Bridging the gap between energy consumption and the cultural needs of society is an odd strategy to use as a means of winning an architectue contract, but as the world becomes more aware of the necessity in forerunning sustainability at the forefront of architecture and construction, these unique design methods and collaborations will become increasingly more familiar within the built environment.
This is an angle which has swung the architectural design bid to revamp a 40 year old incinerator in favour of one particular Danish architect.
Based on the outskirts of Copenhagen on an industrial site the old building will be modernised as a means of responding to waste management, recycling issues and the social requirements of the city. Combined with these factors is the ever present importance of sustainable design within the built environment.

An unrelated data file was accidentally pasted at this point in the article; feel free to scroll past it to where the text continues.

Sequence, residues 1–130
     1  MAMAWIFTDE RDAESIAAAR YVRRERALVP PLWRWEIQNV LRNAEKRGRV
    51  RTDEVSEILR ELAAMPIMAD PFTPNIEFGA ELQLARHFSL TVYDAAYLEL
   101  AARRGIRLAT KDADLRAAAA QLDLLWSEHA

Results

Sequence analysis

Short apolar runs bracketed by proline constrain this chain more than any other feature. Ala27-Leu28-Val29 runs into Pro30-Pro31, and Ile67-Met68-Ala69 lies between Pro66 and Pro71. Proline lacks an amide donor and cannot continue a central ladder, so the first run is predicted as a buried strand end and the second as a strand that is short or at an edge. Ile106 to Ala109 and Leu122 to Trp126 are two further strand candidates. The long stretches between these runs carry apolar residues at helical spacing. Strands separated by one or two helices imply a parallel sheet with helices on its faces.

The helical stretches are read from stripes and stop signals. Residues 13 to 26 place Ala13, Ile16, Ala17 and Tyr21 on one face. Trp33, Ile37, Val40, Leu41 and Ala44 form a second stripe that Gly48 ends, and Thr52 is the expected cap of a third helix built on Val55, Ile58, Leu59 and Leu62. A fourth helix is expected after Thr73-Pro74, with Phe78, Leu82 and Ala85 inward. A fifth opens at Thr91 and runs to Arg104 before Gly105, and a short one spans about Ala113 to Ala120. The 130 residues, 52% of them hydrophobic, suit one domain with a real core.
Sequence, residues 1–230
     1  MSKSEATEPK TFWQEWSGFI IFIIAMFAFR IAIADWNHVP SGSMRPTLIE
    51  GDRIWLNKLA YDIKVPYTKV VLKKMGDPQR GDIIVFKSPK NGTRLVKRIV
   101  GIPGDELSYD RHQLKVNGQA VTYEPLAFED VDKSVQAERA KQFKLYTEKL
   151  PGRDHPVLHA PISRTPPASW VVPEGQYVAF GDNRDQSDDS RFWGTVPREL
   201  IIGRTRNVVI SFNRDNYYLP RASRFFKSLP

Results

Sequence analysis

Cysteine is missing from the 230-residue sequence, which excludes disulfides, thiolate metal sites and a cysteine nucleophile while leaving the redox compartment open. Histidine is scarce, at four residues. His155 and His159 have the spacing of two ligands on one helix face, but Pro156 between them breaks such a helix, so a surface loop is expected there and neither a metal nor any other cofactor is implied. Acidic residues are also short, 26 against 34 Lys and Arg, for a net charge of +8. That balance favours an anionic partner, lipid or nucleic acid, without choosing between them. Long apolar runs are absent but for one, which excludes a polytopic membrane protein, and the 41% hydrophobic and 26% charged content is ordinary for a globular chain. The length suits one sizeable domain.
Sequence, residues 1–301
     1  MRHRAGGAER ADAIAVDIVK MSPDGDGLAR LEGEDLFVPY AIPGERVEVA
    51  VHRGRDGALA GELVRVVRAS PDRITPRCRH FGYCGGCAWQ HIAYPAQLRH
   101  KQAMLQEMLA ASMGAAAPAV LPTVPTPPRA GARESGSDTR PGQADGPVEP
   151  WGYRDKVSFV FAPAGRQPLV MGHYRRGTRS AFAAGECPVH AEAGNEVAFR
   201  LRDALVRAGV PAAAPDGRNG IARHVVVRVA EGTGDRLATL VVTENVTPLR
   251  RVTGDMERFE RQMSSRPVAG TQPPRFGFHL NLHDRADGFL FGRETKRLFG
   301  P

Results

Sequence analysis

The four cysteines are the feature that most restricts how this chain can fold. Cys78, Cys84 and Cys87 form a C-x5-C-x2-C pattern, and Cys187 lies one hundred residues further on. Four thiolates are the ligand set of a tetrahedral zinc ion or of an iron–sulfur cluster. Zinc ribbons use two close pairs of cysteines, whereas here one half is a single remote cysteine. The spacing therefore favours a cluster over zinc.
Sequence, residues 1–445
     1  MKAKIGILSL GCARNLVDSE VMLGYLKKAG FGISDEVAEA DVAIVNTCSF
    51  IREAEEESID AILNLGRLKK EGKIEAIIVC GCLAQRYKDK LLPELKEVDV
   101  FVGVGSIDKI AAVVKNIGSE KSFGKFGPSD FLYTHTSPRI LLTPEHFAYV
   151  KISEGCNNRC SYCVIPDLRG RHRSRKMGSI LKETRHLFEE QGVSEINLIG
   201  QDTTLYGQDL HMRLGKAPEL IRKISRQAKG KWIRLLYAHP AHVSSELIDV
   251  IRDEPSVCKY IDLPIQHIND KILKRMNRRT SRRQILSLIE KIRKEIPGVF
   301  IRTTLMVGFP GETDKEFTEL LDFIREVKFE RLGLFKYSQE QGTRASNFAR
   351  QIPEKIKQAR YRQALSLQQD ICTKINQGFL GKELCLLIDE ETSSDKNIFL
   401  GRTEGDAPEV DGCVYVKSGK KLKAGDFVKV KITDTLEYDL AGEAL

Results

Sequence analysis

The design bid was won by Bjarke Ingels at BIG architecture, combined with the finished project being the tallest in the world; the design aims to create a site which is the cleanest in the world.
Over 100 metres all the design of the $636 million building will incorporate a ski slope on the roof of the energy plant in order to become a public park and attraction as well as combating a social issue with waste management. The development is expected to be completed in 2016.
The exterior design includes a green façade which is predominantly made up of planters, and as a way of tapping into the general public’s consciousness a 30 metre smoke ring will be generated from a rooftop smokestack into the city every time a tonne of CO2 is released by the incinerator. According to the architects, “in Copenhagen in 2016, you will simply have to count the smoke rings”.
Over the last two decades Denmark has repeatedly stood out as a country which has actively been renovating the ways in which the deal with their waste management systems and levels of energy consumption.
Today 56% of all waste is recycled, and another 39% of all collected waste in Copenhagen is processed through ‘waste to energy’ plants which produces power for thousands of homes across the city. In 2004 alone 70,000 homes were powered through the heat and energy generated from these methods.